Lerøy Q3 hit by ISA issues
The Lerøy Seafood group is lowering its fish farming production forecasts for this year following a series of illness issues at some of its sites in Norway.
Presenting its third quarter results today the group, which is part owner of Scottish Sea Farms, unveiled an 8% higher turnover at NOK 8,001m (£591m) but an operational EBIT (operational profit) that was NOK 202 million (almost £15m) lower than a year ago.
The EBIT emerged at NOK 631 million (£46.7m) against NOK 833 million (£61.7m) 12 months ago.
Lerøy is a combined seafood group comprising fish farming, deep sea trawling and fish processing.
The company said that in farming its earnings were affected by “one time effects related to the early harvest of fish with ISA [infectious salmon anaemia] detection”
The company continued: “In Wild Catch, the quotas for 2023 are lower than in 2022, affecting earnings negatively. Downstream activities, VAPS&D [Value Added Products, Sales & Distribution], delivered significantly better earnings than the same quarter last year.
“At the end of the third quarter and the beginning of the fourth quarter, we have faced challenges at some sites resulting in lower production than expected.
“This affects the expected (fish farming) harvest volume in 2023 and 2024. For 2024, we now expect a harvest volume of approximately 193,500 GWT, including jointly controlled operations,” said CEO Henning Beltestad.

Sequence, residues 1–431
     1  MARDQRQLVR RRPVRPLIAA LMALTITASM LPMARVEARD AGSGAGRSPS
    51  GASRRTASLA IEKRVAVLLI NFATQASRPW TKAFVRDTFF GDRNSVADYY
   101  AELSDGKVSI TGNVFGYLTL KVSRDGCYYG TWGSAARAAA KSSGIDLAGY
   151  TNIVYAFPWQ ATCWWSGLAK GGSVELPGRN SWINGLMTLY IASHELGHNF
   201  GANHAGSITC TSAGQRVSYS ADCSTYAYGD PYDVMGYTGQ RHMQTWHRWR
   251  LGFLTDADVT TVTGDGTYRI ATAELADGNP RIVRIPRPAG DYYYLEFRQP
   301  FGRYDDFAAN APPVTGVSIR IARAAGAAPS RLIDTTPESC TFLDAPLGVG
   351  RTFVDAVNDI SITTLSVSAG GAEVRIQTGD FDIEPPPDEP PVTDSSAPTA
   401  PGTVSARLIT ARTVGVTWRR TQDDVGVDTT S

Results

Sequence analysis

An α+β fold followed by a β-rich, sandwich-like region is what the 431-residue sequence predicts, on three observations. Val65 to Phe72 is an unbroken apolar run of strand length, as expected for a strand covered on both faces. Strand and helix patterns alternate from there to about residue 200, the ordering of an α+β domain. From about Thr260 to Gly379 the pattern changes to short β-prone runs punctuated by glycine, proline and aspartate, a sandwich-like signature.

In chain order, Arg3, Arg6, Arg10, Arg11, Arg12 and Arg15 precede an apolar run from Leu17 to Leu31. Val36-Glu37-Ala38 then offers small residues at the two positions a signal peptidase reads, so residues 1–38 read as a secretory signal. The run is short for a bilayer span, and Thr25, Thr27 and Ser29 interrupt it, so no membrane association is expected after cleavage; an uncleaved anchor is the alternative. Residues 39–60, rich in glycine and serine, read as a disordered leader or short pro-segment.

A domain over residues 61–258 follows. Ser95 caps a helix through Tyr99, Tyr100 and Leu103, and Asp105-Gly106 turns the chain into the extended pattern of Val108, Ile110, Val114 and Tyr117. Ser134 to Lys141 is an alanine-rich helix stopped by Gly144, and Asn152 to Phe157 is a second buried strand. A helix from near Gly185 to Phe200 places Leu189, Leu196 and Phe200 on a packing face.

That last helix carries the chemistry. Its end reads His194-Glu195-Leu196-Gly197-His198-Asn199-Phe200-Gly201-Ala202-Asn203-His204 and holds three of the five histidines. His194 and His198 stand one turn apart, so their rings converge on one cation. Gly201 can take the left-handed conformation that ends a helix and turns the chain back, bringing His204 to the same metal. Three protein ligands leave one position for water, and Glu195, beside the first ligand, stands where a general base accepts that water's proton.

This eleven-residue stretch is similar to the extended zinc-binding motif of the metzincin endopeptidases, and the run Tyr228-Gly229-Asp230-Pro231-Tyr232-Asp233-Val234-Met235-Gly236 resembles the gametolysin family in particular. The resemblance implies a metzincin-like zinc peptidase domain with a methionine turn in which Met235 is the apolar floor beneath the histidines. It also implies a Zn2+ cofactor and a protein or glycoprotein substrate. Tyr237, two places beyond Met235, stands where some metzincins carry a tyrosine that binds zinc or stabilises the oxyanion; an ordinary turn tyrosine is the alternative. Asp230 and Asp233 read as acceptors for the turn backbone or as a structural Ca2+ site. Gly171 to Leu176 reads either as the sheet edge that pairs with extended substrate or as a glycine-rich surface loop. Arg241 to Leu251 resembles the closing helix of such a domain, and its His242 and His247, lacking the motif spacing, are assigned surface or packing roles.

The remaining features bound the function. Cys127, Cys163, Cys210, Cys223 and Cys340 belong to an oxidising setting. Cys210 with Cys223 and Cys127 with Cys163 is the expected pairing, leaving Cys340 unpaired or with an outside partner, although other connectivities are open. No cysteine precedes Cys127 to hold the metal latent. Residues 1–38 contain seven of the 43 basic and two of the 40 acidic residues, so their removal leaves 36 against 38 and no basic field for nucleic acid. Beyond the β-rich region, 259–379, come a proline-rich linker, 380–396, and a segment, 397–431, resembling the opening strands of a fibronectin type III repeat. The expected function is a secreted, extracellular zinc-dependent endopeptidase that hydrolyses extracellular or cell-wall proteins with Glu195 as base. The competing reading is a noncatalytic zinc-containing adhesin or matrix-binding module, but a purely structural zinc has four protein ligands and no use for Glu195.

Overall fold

He added: “To achieve our goals in farming for 2025, we have implemented a range of measures where the focus on increased smolt quality, investments in new technology, and the implementation of Lerøy Way are crucial.
“We have great confidence in these measures, and their effects are expected to gradually become apparent in the form of higher growth in through 2024.
“Compared to the level in the third quarter, release from stock costs in Farming in the fourth quarter are expected to be at the same level,” he said.
Harvest volumes, including jointly controlled operations, are expected to be 169,500 GWT in 2023 and 193,500 GWT in 2024.”
A lower quota has affected earnings in the Wild Catch division but downstream activities are showing improvement, he went on.
“Historically, demand for seafood has held up relatively well in economic downturns. We find that our value chain meets the market’s needs, and Lerøy is well-positioned for the future,” Beltestad concluded.